Wednesday, March 18, 2009

The Pursuit of Dan Cooper RCAF: FBI explores link between DB Cooper and comic book hero

© Dan Cooper – Albert Weinberg, Le Lombard
(Dargaud-Lombard s.a.), 2009.

In 1971, a nondescript man calling himself Dan Cooper paid cash for a one-way ticket from Portland to Seattle aboard Northwest Orient Airlines. Shortly after take-off, Cooper informed a stewardess that he had a bomb with him and wanted her to sit by him. He opened his briefcase long enough for her to catch a glimpse of red sticks and wiring inside and made her write down his demands. He wanted four parachutes and $200, 000 cash in twenty dollar bills.

In Seattle, Cooper exchanged 36 passengers for his parachutes and money but kept the flight crew aboard to fly him to Mexico. But somewhere between Seattle and Reno the bold criminal leapt out of the plane with his parachute and his ransom money and disappeared into American legend. A comic book escape, for sure. but what if a comic book inspired Cooper's plan in the first place?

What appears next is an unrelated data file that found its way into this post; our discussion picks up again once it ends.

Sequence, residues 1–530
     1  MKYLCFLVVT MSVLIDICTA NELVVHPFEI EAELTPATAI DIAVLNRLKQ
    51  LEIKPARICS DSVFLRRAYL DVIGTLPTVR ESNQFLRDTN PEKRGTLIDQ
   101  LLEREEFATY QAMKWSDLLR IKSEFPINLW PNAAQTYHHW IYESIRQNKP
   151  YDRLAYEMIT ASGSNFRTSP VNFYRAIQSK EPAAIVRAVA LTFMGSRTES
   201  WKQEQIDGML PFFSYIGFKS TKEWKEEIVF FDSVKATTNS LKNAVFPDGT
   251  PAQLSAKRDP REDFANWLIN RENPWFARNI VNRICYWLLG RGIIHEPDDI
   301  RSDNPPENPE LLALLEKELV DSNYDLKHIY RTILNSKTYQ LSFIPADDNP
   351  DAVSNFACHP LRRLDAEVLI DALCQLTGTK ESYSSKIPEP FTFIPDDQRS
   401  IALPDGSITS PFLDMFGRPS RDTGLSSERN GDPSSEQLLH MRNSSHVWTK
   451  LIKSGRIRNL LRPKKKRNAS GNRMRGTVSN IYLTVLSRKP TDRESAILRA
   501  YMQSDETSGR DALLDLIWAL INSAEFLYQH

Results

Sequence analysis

I used to joke that famous air pirate, D.B. Cooper, was probably Canadian comic book test pilot Dan Cooper. Maybe he'd been drummed out of the Royal Canadian Air Force for going AWOL one too many times to fight off spies and invading aliens. After a dishonorable discharge with no pension the once heroic Dan was forced to use his aeronautical skills to stage a daring robbery so he could have a proper retirement fund.

Who knew that years later my tenuous link between fact and fiction would get a confirmation from no less than the FBI?

FBI sketches of air pirate Dan Cooper (left, centre)
Artist rendition of air pilot Dan Cooper (right). Hmm.

Two years ago the FBI reopened the Dan Cooper case (internally referred to as the NORJACK case, for Northwest hijacking) and posted what few details they could on their website here (also referring back to an earlier posting on the case found here). It was a calculated appeal to the public for help with one of its most famous unsolved cases.

The agent assigned to the case, Larry Carr, was inspired by the amount of speculation the robbery continues to create on chat rooms, websites and internet forums. Though the FBI had interviewed hundreds of people and found what evidence they could, most of the FBI case fits into a small file box according to this LA Times article on the announcement.